HRIS as Drivers to Introduce Total Quality in HRM

HRIS as Drivers to Introduce Total Quality in HRM

Miguel Blanco Callejo (Rey Juan Carlos University, Spain)
DOI: 10.4018/978-1-59904-883-3.ch064
OnDemand PDF Download:
$30.00
List Price: $37.50

Abstract

Many studies have shown that total quality management (TQM) represents an up-to-date approach to the management of companies in a complex, turbulent, and global environment. In fact, TQM, as a multidimensional concept, offers the most advanced approach and a wider perspective on quality management that analyzes in depth its impact on strategic management, human resource, and information systems areas (Dale & Cooper, 1994; Wilkinson, Redman, Snape, & Marchington, 1998). In this article, TQM application in human resource management (HRM) (in terms of practices and implications for the company) and the role that technology and information systems could play as drivers in reaching HRM policy objectives are studied. To do this, TQM philosophy is introduced and, subsequently, the three main elements related to TQM implementation in HRM are discussed: the definition of the “success cycle”; the concept of “inverted pyramid,” an organizational structure designed to satisfy client needs, and where employees stay “at the top”; and the essential role that human resource information systems (HRIS) could play in the application of TQM to HRM, increasing employee satisfaction and enhancing customer needs satisfaction and loyalty.
Chapter Preview
Top

Background

TQM is a process that was applied successfully in industries in the USA in the 1980s. By using this process, many firms such as Xerox, IBM, and Motorola were able to improve their business positions by overcoming threats from global competition and other changes in the environment (Lozier & Teeter, 1996; Kanji & Bami, 1995).

There are many definitions of TQM (British Standard Institution, 1991; Evans, 1992; Lau & Anderson, 1998), but one of the most outstanding can be seen in the report from the Total Quality Leadership Steering Committee and Working Councils (Evans, 1992). This committee is sponsored by Procter & Gamble and is the result of a joint effort by many CEOs from important corporations and academics. The definition has been accepted by some academic papers (Becker, 1993, p. 32; Handfield, Gosh, & Fawcett, 1998; Larson & Sinha, 1995); it is as follows:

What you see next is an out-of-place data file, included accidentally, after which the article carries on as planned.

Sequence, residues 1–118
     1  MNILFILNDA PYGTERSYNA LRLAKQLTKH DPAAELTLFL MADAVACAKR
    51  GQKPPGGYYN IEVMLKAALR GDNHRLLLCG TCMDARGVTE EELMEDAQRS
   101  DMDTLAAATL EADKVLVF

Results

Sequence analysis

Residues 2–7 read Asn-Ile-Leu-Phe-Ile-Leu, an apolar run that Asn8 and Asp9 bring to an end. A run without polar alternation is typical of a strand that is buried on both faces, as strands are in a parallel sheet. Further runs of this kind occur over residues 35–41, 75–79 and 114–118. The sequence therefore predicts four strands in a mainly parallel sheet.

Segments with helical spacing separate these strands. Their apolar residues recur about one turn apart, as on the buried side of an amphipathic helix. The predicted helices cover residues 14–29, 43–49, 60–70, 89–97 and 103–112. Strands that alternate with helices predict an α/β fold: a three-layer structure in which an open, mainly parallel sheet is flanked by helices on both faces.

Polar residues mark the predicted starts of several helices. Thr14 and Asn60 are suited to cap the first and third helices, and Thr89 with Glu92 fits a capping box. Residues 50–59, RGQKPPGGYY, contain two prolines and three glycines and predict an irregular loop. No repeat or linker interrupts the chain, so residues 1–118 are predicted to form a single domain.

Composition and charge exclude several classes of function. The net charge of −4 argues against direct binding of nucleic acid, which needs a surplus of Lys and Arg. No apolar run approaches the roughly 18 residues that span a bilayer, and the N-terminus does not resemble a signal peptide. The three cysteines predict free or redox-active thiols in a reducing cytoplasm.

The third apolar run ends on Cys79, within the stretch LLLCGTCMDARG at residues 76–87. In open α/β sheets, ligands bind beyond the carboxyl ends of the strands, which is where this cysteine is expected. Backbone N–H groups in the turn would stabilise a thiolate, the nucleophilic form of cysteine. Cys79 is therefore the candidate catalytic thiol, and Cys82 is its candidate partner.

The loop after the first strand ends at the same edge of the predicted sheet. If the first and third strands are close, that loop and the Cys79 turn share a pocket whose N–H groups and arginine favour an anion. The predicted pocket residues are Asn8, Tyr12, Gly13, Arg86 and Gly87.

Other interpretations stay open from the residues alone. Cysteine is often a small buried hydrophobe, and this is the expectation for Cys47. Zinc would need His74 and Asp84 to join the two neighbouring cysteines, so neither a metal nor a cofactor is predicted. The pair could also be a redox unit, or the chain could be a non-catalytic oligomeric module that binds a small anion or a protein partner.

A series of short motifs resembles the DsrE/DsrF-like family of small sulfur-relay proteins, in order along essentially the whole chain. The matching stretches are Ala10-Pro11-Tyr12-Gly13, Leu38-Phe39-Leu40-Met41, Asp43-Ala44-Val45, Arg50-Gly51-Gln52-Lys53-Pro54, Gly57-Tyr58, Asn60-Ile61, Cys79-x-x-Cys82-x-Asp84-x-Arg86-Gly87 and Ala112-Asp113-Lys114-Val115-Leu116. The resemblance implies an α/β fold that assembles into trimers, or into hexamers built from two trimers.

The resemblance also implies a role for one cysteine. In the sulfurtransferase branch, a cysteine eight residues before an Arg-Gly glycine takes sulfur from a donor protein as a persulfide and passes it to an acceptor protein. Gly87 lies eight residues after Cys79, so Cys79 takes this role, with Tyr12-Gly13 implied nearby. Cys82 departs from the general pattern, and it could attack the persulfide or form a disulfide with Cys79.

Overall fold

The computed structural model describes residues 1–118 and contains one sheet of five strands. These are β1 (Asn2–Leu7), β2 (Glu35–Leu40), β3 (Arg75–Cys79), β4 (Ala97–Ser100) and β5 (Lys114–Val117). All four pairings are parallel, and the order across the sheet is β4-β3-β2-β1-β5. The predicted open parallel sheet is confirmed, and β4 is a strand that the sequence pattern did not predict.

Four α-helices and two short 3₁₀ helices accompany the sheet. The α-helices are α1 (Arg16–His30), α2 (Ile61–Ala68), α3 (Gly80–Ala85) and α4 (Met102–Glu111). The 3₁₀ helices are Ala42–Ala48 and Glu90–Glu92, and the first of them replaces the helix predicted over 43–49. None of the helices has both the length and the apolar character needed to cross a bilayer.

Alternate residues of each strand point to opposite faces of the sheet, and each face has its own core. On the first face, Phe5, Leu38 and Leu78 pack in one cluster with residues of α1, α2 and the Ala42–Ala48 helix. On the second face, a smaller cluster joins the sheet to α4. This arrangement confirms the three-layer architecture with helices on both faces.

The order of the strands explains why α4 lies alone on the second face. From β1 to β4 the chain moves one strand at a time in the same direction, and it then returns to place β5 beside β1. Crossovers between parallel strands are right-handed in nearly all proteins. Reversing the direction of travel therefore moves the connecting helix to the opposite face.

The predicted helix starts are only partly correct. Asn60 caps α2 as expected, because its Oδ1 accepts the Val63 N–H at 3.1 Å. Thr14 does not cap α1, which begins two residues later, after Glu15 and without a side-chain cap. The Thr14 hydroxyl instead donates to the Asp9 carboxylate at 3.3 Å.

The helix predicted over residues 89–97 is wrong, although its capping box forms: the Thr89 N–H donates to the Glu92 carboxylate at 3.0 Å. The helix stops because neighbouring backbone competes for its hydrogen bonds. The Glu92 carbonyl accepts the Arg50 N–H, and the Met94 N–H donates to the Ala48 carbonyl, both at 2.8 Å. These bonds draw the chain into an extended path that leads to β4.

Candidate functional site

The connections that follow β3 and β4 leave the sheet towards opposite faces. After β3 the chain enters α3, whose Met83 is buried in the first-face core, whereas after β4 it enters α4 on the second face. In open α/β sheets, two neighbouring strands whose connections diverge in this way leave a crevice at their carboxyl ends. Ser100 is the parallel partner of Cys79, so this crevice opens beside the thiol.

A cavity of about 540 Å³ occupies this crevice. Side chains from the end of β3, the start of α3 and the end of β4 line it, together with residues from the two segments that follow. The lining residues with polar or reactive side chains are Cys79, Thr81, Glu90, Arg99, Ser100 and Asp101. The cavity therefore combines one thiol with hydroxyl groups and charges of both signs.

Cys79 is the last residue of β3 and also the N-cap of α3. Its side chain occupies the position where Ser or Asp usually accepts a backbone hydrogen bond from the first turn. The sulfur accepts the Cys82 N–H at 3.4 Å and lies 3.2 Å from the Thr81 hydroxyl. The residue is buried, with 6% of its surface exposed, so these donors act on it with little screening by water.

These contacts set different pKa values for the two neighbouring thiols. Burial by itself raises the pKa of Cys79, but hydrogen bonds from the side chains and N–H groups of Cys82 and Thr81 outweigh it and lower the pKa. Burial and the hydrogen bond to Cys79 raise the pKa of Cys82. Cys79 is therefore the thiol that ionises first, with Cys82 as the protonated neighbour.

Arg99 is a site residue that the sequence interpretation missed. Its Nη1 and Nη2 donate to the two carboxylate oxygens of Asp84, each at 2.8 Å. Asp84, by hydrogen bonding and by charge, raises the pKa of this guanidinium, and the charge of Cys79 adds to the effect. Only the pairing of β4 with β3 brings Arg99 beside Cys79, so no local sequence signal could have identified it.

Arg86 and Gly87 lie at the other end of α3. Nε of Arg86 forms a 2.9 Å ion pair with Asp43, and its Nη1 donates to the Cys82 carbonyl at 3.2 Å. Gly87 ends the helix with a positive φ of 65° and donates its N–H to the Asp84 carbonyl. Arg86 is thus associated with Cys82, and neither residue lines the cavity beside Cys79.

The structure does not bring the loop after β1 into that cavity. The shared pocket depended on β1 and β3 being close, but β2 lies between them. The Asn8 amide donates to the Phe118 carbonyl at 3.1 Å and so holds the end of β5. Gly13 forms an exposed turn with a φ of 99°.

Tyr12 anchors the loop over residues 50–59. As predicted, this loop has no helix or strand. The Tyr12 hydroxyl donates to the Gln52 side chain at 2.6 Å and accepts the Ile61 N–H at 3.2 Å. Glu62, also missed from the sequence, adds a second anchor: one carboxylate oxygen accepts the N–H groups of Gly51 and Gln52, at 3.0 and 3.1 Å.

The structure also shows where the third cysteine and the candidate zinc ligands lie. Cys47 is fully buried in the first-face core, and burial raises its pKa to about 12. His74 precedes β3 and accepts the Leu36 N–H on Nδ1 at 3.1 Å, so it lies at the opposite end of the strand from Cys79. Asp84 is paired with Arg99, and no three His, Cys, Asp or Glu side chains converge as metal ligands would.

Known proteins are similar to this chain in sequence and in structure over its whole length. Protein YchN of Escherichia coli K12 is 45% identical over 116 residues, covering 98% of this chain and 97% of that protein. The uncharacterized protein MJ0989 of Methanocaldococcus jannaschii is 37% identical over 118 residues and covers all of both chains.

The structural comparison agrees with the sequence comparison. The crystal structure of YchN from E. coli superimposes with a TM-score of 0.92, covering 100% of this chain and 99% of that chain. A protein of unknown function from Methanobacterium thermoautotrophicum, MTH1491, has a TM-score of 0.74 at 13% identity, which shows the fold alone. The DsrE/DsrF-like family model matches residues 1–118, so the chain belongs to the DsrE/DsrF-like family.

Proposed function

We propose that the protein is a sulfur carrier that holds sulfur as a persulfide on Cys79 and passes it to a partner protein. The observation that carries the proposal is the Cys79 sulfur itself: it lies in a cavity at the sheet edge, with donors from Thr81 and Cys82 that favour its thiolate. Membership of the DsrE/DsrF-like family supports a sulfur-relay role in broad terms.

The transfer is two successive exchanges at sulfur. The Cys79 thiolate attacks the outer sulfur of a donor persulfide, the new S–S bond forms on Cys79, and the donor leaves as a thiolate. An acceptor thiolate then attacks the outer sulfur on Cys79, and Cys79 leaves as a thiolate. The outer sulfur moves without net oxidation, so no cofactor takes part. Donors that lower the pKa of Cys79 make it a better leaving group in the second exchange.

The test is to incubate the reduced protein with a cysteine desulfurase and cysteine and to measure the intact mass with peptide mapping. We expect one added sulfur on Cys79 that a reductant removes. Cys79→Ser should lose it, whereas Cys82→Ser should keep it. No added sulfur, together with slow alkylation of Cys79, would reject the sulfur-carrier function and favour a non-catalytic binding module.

Total Quality (TQ) is a people-focused management system that aims at continual increase of customer satisfaction at continually lower real cost. TQ is a total system approach (not a separate area or program) and an integral part of high-level strategy; it works horizontally across functions and departments, involves all employees, top to bottom, and extends backwards and forwards to include the supply chain and the customer chain. TQ stresses learning and adaptation to continual change as keys to organizational success.

Taking the established definition as a starting point, it is possible to discern the basic elements of the TQM approach: stakeholder satisfaction (including customers, employees, and society), management leadership, strategic integration, people-focused approach, competitive advantage, global and horizontal organizational design, cooperation throughout the whole value chain, and continuous improvement and learning.

To conclude, the belief that organizations can gain a competitive advantage in the market by focusing on customer needs, continuously improving product and service quality, measuring improvements, and developing employees to their fullest potential is the core of TQM (Blackburn & Rosen, 1995).

Key Terms in this Chapter

Total Quality Management: Multidimensional quality-based management approach focused on customer needs that spreads throughout the company with the main objective of aligning the whole organization with quality initiatives.

Complete Chapter List

Search this Book:
Reset